Spam has been a constant concern for computer users since at least the mid-90s. Early spammers would send out advertising and other unsolicited messages from their own email addresses. While annoying, these emails were easily identified and blocked.
In the ensuing years spam techniques evolved, senders learned to spoof their information to mimic more credible sources and thus evade easy detection. This allowed cyber criminals to execute mass email campaigns where they would blanket thousands of people with virus-ridden attachments and malicious links.
Email providers reacted by implementing more advanced filter systems that could weed out suspicious addresses and remove them before they ever reach users. Law enforcement agencies moved to shut down major spam distribution hubs such as SpamIt.com to cut these groups off at the source.
These strategies proved so effective that Bill Gates felt confident enough to state that spam would be solved within the next couple of years. A 2015 Symantec survey revealed that spam email levels had declined to a 12-year low, with less than 50% of emails classified as junk. Those advances proved short-lived: Today spam is back, and it’s more difficult to deal with than ever before.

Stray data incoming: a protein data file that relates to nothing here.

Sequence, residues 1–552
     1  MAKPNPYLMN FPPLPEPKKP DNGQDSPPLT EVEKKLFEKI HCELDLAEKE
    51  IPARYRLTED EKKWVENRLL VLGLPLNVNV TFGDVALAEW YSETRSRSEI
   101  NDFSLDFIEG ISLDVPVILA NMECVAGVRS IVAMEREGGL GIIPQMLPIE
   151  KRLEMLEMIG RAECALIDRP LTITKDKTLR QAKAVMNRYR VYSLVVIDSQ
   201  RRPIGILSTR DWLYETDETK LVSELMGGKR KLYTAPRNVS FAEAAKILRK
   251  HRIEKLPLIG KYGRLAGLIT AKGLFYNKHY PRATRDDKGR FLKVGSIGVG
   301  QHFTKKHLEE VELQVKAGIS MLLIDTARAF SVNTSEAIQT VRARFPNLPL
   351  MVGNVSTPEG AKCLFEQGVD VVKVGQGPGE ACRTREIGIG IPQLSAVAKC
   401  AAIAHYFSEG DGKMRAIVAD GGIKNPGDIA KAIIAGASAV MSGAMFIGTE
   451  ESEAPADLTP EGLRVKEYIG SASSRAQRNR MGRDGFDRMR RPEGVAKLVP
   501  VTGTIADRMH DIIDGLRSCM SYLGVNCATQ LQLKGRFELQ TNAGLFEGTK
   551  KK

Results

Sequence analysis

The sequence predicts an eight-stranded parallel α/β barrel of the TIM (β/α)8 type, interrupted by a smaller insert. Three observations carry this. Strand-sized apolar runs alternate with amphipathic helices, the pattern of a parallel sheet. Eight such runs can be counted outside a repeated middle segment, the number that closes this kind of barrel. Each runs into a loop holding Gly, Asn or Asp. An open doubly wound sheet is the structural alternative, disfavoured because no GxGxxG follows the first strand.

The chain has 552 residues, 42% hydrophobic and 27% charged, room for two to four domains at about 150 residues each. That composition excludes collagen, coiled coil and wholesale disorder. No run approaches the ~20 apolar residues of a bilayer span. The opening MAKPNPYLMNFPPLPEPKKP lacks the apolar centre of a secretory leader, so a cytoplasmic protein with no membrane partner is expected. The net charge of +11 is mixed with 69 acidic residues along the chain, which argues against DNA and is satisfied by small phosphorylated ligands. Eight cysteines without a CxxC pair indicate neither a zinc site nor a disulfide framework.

How Spam Has Evolved
Recently, cybersecurity firm F-Secure released a study showing the variety of spam techniques used to infiltrate secured networks, from dating scams (46% of all spam emails) and malicious attachments (23%) to spoofed email addresses that redirect users from legitimate websites to malicious portals (31%). According to researchers, email has become the prime attack vector for cyber criminals because traditional exploits have become are increasingly ineffective.
Recent software updates have shut down tried and tested malware delivery channels such as Adobe Flash browser plugins while ever-advancing antivirus tools have made it difficult to exploit personal and corporate networks through more direct methods.
Together, these techniques combine to increase the chances of a successful attack by up to 16.5%. Click rates have risen from 13.4% at the end of 2017 to 14.2% in just half a year which shows just how effective spammers have been.
Emails Are Not the Only Attack Vector
At Smadatek, we have learned that email is far from the only spam delivery channel. Cyber criminals are targeting their victims through a variety of platforms.
Need Help Combating Spam?
Our IT support professionals here at Smadatek can help your business detect and filter malicious spam through social media, email, and other digital platforms. Contact us today, to take advantage of our extensive expertise.